“First, following the test returning positive, people may get panicky and want to get admitted to a hospital straightaway. That is where the medical volunteering team with its doctors prove invaluable with their assessment and counselling support. The resident and the family are counselled and told that if they are asymptomatic, or the symptoms are mild and they don’t have any co-morbidities, they could home-quarantine themselves,” says Capt. Krishnakumar.

There is no telling when panic may strike, and the resident-volunteers have to face it at any hour of the day or night, he says, and illustrates it with an example: “One resident who had COVID-19 pushed the panic button in the middle of the night, and we had to talk to him and quell his anxiety at that hour. There has been only seven cases, across the ten towers, and except for one, all could do with just home-quarantining. The one who went to the hospital has been discharged. And except for one, the other six have finished their home quarantine and have been tested negative.”

On one another aspect of the support system, Capt. Krishnakumar says, “If the doctor that they have consulted has advised home-quarantining, a certificate to this effect has to be obtained from the doctor concerned and presented to the health department. We ensure that the certificate reaches the department.”

Ensuring safety

When someone has tested positive, the rest of the community would need reassurance that sufficient measures are being taken to see them protected.

Raghavan Murti says, “SOPs have been communicated to tower leaders, committees and the volunteering teams. There is a readiness plan that is for all residents, and it addresses questions of precaution as well as response. When a resident goes for a test, they are asked to inform any of the executive managing committee members of the result. When it comes to light that someone in a family has tested positive, we inform the Muttukadu panchayat, the Kelambakkam police, and the Health Department office in Padur. A representative of the Muttukadu panchayat comes and puts the sticker, and talk to the family about what they have to do and shouldn’t; and fumigation is done by the Health Department workers; and contact tracing is done by the Kelambakkam police. Immediately after learning that someone has tested positive, the sanitisation and cleanliness group swings into action. They quickly organise a vendor who would carry out thorough disinfection and fumigation of the entire floor in the tower. Extra attention is paid to the common areas frequented by this resident with COVID-19.”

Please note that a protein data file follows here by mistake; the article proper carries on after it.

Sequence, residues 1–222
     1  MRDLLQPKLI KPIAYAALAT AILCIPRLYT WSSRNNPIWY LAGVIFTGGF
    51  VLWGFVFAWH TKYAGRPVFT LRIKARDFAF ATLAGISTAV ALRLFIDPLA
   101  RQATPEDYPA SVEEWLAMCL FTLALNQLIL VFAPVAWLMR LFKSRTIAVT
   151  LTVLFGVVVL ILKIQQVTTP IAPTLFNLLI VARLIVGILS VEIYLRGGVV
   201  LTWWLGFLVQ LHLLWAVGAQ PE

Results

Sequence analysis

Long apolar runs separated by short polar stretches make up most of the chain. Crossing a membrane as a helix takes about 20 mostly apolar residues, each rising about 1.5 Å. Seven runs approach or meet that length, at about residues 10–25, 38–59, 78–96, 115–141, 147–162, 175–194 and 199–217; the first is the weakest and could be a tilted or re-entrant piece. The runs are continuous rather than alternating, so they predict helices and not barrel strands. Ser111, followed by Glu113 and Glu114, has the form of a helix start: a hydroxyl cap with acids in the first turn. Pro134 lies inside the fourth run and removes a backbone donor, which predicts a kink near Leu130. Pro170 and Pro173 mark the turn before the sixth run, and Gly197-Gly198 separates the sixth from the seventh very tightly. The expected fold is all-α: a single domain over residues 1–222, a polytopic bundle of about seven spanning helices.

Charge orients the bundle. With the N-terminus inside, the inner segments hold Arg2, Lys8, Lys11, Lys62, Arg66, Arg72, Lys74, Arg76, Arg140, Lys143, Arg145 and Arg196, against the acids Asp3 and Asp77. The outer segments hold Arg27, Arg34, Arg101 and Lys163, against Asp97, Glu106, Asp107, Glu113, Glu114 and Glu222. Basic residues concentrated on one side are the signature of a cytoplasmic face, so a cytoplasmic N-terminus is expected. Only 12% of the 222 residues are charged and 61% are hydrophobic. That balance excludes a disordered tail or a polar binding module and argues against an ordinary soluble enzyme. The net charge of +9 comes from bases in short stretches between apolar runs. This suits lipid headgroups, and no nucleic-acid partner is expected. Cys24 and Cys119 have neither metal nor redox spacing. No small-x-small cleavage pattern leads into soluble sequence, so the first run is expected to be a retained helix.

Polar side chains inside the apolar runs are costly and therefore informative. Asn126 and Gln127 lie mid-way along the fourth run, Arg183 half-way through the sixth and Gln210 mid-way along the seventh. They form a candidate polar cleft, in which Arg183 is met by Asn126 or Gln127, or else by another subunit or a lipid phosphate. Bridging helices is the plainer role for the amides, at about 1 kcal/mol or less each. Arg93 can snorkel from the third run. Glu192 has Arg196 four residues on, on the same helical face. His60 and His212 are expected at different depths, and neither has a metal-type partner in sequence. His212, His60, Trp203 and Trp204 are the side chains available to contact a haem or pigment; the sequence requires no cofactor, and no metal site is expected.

He continues, “The entire floor with its four houses will be the containment area, and there will be enough barricades to announce this fact. The lift to this floor will be deactivated, and it would go straight to the next floor, or stop at the one below. So, whenever essential supplies have to be reached to residents on this floor, the designated support staff wearing PPE suit will go to the floor above, or the one below, take the stairs along with the supplies and place it outside the door. The entire tower will be under quarantine, and these residents can’t go to the other towers. Residents of the other towers are brought up to speed about the development.” When these procedures are followed faithfully, the entire community is reassured about the safety question, concludes Raghavan.

Meeting needs

Another crucial part of the intervention is having the essential needs of the residents on the quarantined floor met. Raghavan Murti explains, “There is a special volunteering group that attends to the needs of the households on the quarantined floor. They are part of a WhatsApp group, and the families of the four flats on the floor are added to this group. When the supplies of any of the four families has arrived, they are informed before the support staff wearing a PPE suit carries it to their doorstep, and leaves it there. This volunteering group serves as the link to the outside world.”